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Creating a HDMI Video Interface for PULP

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At the IIS we are developing a platform for parallel ultra low power processing (PULP). It aims at bringing enough processing power at a very narrow power envelope to various IoT devices. Many of the applications are not only meant for machine-machine interfacing but also aim at directly interfacing with humans. Unfortunately at the moment we are lacking any serious user-interfaces and we are constantly falling back to a standard UART (serial) interface.

This is neither very attractive for real world employment of our devices nor is it to demo our cool platform. This thesis would aim at creating such an interface from a hardware point of view.

Project description

On any ASIC implementation we are usually strongly limited by the amount of pins we can spend for a certain interface. This is one of the reasons why we are considering an external HDMI transmitter chip [1] for managing the actual HDMI implementation. In a minimal pin-count configuration it needs 8 data-bits plus some control signals. In contrast to the quite complicated native differential signalling this is easier to implement in a purely digital fashion.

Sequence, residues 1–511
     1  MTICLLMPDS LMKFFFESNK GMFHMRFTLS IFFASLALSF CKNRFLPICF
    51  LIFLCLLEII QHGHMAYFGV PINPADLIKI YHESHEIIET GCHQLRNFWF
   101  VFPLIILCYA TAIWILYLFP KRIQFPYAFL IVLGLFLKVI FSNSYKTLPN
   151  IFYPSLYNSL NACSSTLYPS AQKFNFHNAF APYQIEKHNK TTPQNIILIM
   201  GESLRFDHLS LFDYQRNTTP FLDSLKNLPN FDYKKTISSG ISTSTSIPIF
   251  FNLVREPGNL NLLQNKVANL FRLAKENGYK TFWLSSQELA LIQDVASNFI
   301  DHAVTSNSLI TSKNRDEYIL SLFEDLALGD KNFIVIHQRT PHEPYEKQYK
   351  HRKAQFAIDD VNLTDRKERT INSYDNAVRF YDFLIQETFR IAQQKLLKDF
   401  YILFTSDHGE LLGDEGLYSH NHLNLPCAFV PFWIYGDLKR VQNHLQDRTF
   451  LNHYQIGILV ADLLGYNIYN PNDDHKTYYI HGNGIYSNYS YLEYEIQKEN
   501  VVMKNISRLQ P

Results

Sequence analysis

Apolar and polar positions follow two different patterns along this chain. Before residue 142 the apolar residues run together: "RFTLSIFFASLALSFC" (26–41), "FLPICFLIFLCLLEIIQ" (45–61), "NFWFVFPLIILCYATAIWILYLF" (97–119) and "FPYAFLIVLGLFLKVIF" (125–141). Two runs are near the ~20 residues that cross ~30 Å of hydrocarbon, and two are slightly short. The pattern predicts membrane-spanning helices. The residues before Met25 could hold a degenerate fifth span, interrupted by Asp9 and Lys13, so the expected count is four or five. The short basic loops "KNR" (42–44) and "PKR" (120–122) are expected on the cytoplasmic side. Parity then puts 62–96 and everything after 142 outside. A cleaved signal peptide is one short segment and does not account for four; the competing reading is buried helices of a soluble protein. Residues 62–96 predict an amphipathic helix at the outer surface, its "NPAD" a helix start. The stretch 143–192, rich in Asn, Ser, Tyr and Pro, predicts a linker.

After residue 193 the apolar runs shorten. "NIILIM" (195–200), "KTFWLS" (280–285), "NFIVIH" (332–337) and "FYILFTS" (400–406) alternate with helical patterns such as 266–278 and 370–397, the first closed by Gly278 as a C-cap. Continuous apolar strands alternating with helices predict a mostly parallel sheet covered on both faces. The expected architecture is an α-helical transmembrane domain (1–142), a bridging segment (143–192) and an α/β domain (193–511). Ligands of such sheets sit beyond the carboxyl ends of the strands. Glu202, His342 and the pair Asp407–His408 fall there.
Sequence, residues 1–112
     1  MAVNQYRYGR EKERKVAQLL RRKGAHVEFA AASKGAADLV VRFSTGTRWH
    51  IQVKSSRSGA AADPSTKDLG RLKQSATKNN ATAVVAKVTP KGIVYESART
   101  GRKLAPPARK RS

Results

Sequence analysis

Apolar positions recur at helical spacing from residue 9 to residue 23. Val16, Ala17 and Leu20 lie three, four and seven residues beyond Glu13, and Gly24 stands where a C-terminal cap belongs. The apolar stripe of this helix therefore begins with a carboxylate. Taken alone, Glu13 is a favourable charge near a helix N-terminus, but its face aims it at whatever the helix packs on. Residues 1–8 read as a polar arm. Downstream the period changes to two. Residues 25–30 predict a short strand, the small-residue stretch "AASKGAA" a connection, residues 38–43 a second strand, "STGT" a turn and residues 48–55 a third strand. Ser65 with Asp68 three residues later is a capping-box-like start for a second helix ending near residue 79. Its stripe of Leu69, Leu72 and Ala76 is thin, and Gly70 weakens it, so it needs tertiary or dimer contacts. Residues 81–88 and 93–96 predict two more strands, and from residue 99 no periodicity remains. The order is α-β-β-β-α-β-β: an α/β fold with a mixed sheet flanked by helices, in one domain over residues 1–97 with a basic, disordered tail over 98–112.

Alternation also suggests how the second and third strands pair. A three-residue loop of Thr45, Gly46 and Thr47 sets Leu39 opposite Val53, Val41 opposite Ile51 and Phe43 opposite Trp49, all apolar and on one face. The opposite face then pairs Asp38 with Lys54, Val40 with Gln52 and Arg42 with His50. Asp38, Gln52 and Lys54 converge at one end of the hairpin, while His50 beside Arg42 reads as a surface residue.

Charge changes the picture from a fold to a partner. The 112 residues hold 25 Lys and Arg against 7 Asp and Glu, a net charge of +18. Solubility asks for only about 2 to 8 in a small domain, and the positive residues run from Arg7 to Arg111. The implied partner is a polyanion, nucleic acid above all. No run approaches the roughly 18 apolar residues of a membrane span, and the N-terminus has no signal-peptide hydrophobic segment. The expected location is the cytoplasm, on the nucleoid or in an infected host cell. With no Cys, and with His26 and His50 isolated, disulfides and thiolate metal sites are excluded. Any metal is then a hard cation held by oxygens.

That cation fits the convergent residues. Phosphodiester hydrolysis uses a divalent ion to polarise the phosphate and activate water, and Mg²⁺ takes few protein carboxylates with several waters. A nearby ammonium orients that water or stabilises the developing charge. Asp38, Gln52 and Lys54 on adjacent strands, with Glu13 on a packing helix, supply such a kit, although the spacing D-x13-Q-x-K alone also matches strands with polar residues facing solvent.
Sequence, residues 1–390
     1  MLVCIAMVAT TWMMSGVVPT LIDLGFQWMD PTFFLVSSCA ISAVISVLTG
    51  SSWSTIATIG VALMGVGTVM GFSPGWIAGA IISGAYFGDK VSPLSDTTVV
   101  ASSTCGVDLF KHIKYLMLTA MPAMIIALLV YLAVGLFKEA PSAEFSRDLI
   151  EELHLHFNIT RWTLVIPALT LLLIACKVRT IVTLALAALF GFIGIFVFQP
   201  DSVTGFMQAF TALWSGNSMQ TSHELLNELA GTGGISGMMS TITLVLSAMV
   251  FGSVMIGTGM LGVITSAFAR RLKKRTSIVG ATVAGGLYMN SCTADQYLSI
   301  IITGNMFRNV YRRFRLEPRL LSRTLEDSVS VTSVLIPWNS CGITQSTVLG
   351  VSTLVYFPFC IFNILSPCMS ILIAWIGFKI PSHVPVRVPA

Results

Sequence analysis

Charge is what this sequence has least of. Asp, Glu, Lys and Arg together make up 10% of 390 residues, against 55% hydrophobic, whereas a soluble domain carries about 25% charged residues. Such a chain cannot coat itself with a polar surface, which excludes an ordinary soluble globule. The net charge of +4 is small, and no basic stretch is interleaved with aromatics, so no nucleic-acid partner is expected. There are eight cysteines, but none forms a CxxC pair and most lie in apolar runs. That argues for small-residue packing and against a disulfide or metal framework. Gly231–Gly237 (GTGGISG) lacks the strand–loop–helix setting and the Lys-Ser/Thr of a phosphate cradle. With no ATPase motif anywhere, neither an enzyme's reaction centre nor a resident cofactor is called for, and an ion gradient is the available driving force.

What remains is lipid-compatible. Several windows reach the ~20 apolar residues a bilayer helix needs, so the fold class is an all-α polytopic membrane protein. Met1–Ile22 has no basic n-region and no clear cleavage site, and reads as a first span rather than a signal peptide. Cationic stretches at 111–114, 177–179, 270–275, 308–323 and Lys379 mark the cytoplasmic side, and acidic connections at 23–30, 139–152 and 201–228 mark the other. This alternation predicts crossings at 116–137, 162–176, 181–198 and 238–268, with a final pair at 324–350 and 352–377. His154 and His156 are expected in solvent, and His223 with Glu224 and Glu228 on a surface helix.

Your task would consist of interfacing such a transmitter and supplying it with data from an on-chip (or external) frame-buffer. At first your implementation will target an FPGA (Xilinz Zynq) implementation as a first prototype but upon successful completion will definitely find its way as an integral part into one of our next generation PULP chips.

Status: Completed

Master thesis of Georg Rutishauser
Supervision: Florian Zaruba, Fabian Schuiki


  • 20% Studying of existing designs
  • 50% RTL Design
  • 30% FPGA Design

In case you are interested in manufacturing your own ASIC as part of this project this topic is suitable for doing so.

Required Skills

  • VHDL or (System)-Verilog knowledge, VLSI I & II


Luca Benini

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Meetings & Presentations

The students and advisor(s) agree on weekly meetings to discuss all relevant decisions and decide on how to proceed. Of course, additional meetings can be organized to address urgent issues.

Around the middle of the project there is a design review, where senior members of the lab review your work (bring all the relevant information, such as prelim. specifications, block diagrams, synthesis reports, testing strategy, ...) to make sure everything is on track and decide whether further support is necessary. They also make the definite decision on whether the chip is actually manufactured (no reason to worry, if the project is on track) and whether more chip area, a different package, ... is provided. For more details confer to [1].

At the end of the project, you have to present/defend your work during a 15 min. presentation and 5 min. of discussion as part of the IIS colloquium.